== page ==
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May 19th, 2011


Pakistan Blast Targets U.S. Consulate Vehicle

The Associated Press and Reuters via MSNBC.com
May 20, 2011

PESHAWAR, Pakistan — Officials say a roadside bomb went off near two U.S. consulate vehicles in the northwestern Pakistani city of Peshawar. A Pakistani passer-by was killed, and some Americans were slightly wounded. …

Pakistan has witnessed a jump in violence since al-Qaida and its Pakistan Taliban allies threatened to avenge the May 2 killing of Osama bin Laden in the country, including a twin suicide bombing last week that killed more than 80 people, most of them paramilitary recruits. …

Footage from the scene showed that the car apparently hit was a large, sport utility vehicle. It appeared to have veered into a pole and the hood was damaged. Ullah said the vehicle was bulletproof. Nearby buildings also were damaged during the blast.

The U.S. Consulate in Peshawar is widely believed to be a front for CIA operations, and its employees have been targeted in the past. In August 2008, Lynne Tracy, then the top U.S. diplomat at the consulate, survived a gun attack on her armored vehicle. …

Full story

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Earlier incident

Scores Killed as Pakistani Taliban Claims it ‘Avenges’ Osama bin Laden Killing

Image: Scene of bombing in Pakistan
Security officials visit the site of bombing at a gate of training school in Shabqadar, Pakistan, on Friday, May 13, 2011. The explosions destroyed at least 10 vans recruits were boarding to go home for a break at the end of a session. (Photo credit: Mohammad Sajjad / AP)

The Associated Press and Reuters via MSNBC.com
May 13, 2011

SHABQADAR, Pakistan — A double Taliban suicide attack Friday that killed 66 paramilitary police recruits and 14 other people represented the deadliest terrorist strike in Pakistan since the killing of Osama bin Laden. It sent a strong signal that militants mean to fight on and to try to avenge the al-Qaida leader. …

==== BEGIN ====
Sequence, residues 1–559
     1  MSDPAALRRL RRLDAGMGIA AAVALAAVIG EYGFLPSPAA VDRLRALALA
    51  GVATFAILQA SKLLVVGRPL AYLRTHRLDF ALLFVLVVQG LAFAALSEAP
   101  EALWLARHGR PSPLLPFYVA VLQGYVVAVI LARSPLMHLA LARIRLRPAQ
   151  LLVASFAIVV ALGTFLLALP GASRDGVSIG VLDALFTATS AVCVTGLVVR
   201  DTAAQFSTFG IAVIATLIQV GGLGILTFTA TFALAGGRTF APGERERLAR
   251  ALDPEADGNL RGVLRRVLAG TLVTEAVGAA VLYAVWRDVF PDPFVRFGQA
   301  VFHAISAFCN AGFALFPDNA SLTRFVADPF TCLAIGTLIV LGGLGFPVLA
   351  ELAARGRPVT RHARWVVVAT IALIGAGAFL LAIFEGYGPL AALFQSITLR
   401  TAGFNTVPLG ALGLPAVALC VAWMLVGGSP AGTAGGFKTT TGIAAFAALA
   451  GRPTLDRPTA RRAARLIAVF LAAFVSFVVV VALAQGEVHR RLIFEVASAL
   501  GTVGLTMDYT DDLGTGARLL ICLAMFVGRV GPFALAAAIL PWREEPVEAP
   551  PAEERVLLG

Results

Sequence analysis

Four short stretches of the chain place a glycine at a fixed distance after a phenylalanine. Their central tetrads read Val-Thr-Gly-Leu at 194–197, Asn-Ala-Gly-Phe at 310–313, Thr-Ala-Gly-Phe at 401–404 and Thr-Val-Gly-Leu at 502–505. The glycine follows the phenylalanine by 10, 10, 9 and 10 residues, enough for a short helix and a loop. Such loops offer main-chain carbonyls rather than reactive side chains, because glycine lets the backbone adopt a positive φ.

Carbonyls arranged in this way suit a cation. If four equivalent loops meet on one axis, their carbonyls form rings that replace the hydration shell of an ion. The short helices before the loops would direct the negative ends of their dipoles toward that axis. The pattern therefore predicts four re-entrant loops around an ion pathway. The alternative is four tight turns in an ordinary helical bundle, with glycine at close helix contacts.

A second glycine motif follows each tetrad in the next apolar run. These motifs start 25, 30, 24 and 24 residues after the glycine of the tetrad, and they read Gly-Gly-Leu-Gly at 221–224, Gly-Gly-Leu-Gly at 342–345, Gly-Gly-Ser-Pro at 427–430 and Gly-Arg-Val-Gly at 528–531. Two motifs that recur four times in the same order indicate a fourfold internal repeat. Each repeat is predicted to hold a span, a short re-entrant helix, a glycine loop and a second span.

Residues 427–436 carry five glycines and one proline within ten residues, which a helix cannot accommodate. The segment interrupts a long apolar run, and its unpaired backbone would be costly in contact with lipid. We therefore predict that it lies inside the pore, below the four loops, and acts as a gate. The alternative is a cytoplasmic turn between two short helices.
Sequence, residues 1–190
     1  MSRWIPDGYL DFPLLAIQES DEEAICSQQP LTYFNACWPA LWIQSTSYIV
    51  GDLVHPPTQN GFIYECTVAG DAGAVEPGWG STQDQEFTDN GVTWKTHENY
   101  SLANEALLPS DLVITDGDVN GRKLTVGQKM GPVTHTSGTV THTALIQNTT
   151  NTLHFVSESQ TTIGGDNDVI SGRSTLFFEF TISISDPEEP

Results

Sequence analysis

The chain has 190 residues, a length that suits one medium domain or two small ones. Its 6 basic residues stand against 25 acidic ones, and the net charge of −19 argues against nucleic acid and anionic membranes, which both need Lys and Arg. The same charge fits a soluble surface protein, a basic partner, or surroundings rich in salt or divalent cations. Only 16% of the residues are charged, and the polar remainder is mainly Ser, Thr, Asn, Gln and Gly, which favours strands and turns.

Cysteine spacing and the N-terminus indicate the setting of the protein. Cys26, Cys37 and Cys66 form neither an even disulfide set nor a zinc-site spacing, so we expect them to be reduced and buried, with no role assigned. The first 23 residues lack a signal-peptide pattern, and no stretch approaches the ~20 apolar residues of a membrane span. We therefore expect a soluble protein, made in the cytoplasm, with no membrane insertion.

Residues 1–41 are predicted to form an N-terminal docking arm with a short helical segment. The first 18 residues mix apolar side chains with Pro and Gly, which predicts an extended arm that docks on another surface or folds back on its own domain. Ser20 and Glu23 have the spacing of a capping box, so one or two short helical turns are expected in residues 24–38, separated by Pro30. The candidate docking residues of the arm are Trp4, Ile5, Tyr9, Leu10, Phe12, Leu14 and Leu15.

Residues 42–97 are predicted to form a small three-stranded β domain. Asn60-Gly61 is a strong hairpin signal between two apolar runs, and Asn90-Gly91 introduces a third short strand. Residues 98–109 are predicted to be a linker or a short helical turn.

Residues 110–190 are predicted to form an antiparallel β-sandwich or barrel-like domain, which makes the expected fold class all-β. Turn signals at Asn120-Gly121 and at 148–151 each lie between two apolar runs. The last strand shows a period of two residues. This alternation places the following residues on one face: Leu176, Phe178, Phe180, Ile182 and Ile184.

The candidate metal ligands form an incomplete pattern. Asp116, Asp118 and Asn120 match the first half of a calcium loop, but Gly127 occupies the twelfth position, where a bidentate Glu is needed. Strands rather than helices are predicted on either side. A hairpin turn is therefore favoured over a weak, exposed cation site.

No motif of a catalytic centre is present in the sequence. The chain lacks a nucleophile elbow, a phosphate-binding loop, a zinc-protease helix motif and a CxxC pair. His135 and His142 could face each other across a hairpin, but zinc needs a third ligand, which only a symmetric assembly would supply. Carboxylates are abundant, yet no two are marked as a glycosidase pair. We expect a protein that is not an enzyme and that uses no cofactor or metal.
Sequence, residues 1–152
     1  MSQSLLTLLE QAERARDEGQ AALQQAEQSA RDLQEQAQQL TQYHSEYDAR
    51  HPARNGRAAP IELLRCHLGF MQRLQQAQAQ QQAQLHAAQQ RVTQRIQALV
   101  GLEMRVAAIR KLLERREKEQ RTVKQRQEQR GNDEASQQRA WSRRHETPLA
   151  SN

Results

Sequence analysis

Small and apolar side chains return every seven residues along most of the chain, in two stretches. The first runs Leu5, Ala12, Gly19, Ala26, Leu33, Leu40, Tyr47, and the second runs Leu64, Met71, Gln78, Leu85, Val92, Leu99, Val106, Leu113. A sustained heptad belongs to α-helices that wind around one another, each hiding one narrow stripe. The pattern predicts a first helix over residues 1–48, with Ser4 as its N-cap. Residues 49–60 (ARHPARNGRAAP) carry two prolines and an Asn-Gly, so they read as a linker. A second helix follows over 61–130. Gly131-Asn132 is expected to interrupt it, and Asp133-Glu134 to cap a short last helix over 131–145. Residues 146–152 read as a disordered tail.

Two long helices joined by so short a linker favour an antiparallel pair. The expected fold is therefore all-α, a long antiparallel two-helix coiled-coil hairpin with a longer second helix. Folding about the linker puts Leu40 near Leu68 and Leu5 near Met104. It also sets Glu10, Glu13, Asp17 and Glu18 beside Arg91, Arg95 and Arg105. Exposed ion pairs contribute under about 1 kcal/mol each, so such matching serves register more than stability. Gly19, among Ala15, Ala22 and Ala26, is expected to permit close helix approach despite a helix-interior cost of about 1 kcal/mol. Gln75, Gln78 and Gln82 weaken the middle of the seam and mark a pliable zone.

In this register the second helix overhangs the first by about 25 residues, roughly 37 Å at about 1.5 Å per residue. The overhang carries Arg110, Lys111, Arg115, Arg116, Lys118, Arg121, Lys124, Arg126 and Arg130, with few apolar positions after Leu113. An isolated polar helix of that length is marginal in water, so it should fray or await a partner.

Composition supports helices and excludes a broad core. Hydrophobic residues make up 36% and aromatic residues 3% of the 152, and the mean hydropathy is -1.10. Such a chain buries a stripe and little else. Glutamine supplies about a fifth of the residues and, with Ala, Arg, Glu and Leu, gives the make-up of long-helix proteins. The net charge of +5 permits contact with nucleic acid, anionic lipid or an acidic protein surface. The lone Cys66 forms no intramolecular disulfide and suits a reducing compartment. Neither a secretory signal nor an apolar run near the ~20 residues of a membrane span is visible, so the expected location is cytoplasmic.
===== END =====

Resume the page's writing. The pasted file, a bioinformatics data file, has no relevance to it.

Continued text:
The bombers blew themselves up at the main gate of the facility for the Frontier Constabulary, a poorly equipped but front-line force in the battle against al-Qaida and groups like the Pakistani Taliban close to the Afghan border. Like other branches of Pakistan security forces, it has received U.S. funding.

At least 80 people died in the attack, while around 120 were wounded, police officer Liaqat Ali Khan said. Sixty-six of the dead were recruits, Khan said. …

It was the first major militant attack in Pakistan since bin Laden’s death in a May 2 U.S. raid in the city of Abbottabad, and one of the deadliest to hit the country ever. …

Full story

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Related reports on this site

Image: Pakistanis burn the U.S. flag in condemnation of bin Laden's killing
Pakistanis burn the U.S. flag in condemnation of bin Laden’s killing. (Photo credit: Arshad Butt / AP)

Pakistan U.S. Supply Line Threat (May 14, 2011)

Al-Qaida Strikes Back in Iraq (May 5, 2011)

Osama bin Laden Dead (May 1, 2011)

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FROM THE ARCHIVES: One Year Ago — May 19, 2010

Bagram Air Base Attacked … Again

Image: Attack at the U.S. air base in Bagram
U.S. soldiers and Afghan policemen stand guard on a road leading to the U.S. air base in Bagram, on Wednesday, May 19, 2010. (Photo credit: Shah Marai / AFP – Getty Images)

One year ago today, I reported that Taliban insurgents launched a brazen pre-dawn attack on Bagram air base north of Kabul, one day after the deadliest day of the year for U.S. forces in Afghanistan, with seven Americans dead.

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FROM THE ARCHIVES: Two Years Ago — May 19, 2009

Iraq Postpones National Election

epa01725388 A picture made available on 10 May 200...
Afghan children injured in a airstrikes receive medical treatment at a hospital in Farah province, Afghanistan on May 9, 2009. Afghan officials said dozens of civilians were killed when U.S.-led warplanes bombed several houses in Bala Boluk district of the province. (Photo credit: Stringer / EPA file)

Two years ago today, on May 19, 2009, I reported that Iraqi officials postponed national parliamentary elections until Jan. 30, 2010; that Adm. Mike Mullen, chairman of the Joint Chiefs of Staff, said “We cannot succeed … in Afghanistan by killing Afghan civilians”; and that the U.N. refugee agency revealed that nearly 1.5 million people had fled their homes in Pakistan in May in an attempt to escape fighting between government forces and Taliban militants.

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